Consumer confidence stagnates amid mixed feelings on the state of the continent’s economic situation



January 25, 2021 16:00 PM

  • KASI’s global CCI stagnated in December as the index of future expectations receded by a point while the index of current economic conditions advanced by two points

  • The job prospects and purchasing power indices all fell by a single point in December while the household income index deteriorated by 4 points. Also, both the general city and country economic condition indices worsened by 2 points. On the other hand, the personal financial situation and discretionary spending indices increased by 7 and 5 points respectively in December.

  • Nigeria, Kenya and Ivory Coast all experienced positive moves in their consumer sentiment indices with Kenya’s CCI having the largest gain of 8 points. The remaining countries witnessed a drop in their consumer sentiment indices with Tanzania undergoing the worst decline of 13 points after being the best performing country in the previous two months.

Consumer confidence in Africa lingered at 4 points in December after rebounding in November. The index of current economic conditions maintained its positive momentum from last month by progressing an additional 2 points this month rising to -23 from -25. Conversely, the index of future expectations reverted to its upward trend that began in October as the index decreased by a single point in December from 15 to 14.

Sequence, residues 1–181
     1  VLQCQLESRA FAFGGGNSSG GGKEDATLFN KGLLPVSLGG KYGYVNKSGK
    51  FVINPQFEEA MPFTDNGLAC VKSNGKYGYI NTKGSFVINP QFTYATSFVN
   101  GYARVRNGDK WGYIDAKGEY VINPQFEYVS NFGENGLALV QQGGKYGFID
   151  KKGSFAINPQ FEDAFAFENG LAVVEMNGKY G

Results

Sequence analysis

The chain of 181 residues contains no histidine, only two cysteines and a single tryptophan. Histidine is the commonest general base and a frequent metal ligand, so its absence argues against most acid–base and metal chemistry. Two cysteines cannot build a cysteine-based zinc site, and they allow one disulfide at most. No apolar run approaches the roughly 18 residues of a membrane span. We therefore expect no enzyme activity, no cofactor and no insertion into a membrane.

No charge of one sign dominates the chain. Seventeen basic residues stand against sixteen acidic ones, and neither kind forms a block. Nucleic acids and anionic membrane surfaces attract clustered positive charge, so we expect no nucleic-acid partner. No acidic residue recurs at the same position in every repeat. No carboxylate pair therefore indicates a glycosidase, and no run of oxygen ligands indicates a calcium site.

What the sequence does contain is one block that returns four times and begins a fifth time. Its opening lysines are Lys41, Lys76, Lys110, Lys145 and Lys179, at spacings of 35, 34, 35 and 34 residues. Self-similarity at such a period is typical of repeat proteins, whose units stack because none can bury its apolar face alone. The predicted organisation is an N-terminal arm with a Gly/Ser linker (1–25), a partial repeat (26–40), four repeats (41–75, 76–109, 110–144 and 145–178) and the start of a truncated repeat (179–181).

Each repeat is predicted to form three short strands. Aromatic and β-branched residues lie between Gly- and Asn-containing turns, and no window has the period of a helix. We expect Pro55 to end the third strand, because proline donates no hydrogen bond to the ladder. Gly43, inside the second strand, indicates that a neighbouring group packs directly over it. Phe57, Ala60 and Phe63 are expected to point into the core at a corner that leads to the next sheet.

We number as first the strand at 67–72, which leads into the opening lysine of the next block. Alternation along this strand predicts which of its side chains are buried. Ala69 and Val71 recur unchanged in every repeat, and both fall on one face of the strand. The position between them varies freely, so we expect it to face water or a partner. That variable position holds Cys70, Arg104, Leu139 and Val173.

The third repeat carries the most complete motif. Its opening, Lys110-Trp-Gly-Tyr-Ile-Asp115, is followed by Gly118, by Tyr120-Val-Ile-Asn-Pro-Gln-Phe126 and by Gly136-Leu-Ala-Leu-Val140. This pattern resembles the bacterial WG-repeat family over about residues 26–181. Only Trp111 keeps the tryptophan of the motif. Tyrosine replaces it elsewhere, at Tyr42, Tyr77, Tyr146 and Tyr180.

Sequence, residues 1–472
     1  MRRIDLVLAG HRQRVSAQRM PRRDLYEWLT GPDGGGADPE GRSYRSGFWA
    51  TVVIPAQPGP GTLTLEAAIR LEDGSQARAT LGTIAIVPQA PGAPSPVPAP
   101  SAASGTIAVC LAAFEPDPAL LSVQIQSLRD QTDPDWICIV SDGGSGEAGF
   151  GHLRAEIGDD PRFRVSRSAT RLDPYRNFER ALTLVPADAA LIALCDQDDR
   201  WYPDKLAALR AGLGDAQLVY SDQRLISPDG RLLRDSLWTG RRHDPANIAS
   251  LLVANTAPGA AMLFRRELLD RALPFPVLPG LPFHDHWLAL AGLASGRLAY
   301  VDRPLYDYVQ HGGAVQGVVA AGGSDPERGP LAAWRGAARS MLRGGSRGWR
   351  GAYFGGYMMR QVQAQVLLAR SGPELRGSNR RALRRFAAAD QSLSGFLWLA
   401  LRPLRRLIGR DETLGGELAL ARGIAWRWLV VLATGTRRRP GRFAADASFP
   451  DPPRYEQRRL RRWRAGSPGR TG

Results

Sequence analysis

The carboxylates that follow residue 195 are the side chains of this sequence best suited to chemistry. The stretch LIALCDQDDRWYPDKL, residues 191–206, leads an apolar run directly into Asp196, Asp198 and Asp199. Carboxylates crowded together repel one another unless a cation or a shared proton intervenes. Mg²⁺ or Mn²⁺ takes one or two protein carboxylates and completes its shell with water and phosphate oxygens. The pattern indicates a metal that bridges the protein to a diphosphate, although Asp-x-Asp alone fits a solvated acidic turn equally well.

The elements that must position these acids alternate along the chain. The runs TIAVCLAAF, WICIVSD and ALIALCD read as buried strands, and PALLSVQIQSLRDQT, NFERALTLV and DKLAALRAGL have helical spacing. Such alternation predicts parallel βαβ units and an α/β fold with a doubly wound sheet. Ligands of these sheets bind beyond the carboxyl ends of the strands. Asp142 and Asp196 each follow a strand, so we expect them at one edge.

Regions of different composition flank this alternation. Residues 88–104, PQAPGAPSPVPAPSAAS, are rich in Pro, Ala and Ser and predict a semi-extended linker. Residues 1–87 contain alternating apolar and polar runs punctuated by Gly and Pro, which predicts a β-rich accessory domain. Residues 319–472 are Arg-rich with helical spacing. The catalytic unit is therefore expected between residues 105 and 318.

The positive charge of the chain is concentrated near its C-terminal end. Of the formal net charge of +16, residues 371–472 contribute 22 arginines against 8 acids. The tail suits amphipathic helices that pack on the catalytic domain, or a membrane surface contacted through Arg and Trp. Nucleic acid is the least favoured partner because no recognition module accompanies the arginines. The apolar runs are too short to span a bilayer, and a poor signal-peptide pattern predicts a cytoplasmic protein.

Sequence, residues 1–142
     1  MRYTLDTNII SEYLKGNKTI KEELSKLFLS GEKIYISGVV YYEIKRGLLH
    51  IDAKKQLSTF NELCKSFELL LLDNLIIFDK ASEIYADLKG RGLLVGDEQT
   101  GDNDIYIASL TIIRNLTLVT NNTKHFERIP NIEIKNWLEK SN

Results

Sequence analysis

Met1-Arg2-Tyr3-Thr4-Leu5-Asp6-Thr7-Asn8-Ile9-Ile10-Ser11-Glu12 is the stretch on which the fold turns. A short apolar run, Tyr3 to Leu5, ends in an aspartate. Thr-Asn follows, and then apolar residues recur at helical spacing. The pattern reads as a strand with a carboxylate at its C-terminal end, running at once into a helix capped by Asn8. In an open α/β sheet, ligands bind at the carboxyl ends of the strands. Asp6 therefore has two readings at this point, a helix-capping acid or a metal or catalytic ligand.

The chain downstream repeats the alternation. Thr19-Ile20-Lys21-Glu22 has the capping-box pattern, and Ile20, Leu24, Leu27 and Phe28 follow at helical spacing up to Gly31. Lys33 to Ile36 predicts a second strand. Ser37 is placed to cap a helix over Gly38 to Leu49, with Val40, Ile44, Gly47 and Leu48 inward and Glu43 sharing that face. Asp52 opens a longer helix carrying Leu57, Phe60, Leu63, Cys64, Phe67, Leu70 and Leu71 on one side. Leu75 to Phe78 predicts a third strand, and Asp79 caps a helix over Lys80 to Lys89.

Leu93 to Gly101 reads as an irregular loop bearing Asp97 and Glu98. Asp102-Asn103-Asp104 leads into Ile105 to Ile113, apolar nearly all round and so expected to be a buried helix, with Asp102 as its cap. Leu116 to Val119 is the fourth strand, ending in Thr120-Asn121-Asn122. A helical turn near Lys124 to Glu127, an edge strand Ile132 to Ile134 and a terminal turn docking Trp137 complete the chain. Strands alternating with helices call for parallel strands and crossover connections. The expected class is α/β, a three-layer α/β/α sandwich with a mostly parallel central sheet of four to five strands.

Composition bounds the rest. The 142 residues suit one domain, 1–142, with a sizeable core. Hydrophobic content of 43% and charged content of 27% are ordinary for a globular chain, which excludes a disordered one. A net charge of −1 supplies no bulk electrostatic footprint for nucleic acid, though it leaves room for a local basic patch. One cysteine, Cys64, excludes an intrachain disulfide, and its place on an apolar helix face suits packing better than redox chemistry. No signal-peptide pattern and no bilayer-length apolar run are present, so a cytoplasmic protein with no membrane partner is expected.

In spite of the discovery of Covid-19 vaccines, African states are yet to receive any of the vaccine doses unlike their western counterparts. According to a study conducted by an alliance of campaigners including Oxfam and Amnesty International, it is revealed that 9 out of 10 people in poor countries will be unable to access the vaccine this year. The results show that rich nations representing just 14 per cent of the world’s population have acquired 53 per cent of the most promising vaccines including all of Moderna’s doses and 96 percent of Pfizer/BioNTech’s doses. Canada tops the chart with enough vaccines to vaccinate each Canadian five times. While Covid-19 infections in Africa have not been as dire as those in Western nations, the hoarding of vaccines by the rich countries does not bode well for the continent.


As of 23rd January 2021, the number of Covid-19 infections in Africa stood at 3,418,514 with 84,637 deaths and 2,878,234 recoveries according to the Africa CDC.


Households report mixed feelings about their economic and financial situation as Covid-19 restrictions are re-introduced.


Unlike in November where households were much more optimistic about the economic situation, the outlook for households in December was mixed. Though households reported an improvement in their personal financial situation as well as a hike in their discretionary spending, all the other indices underwent reversals in December. The general economic conditions indices for both city and country back-pedalled by 2 points as some African countries, most notably South Africa, reinstated lockdowns on the back of rising cases caused by a faster-spreading new variant. The re-introduction of Covid-19 restrictions was also observed in developed countries including the U.K and some states in the U.S. such as California. Given the heavy reliance of African states on these economies, the re-enactment of the restrictions was detrimental for the African economy. The job prospects and purchasing power indices slid by a single point while the household income index sunk by 4 points.


Kenya’s consumer confidence soars while that of Tanzania weakens after undergoing two successive months of growth.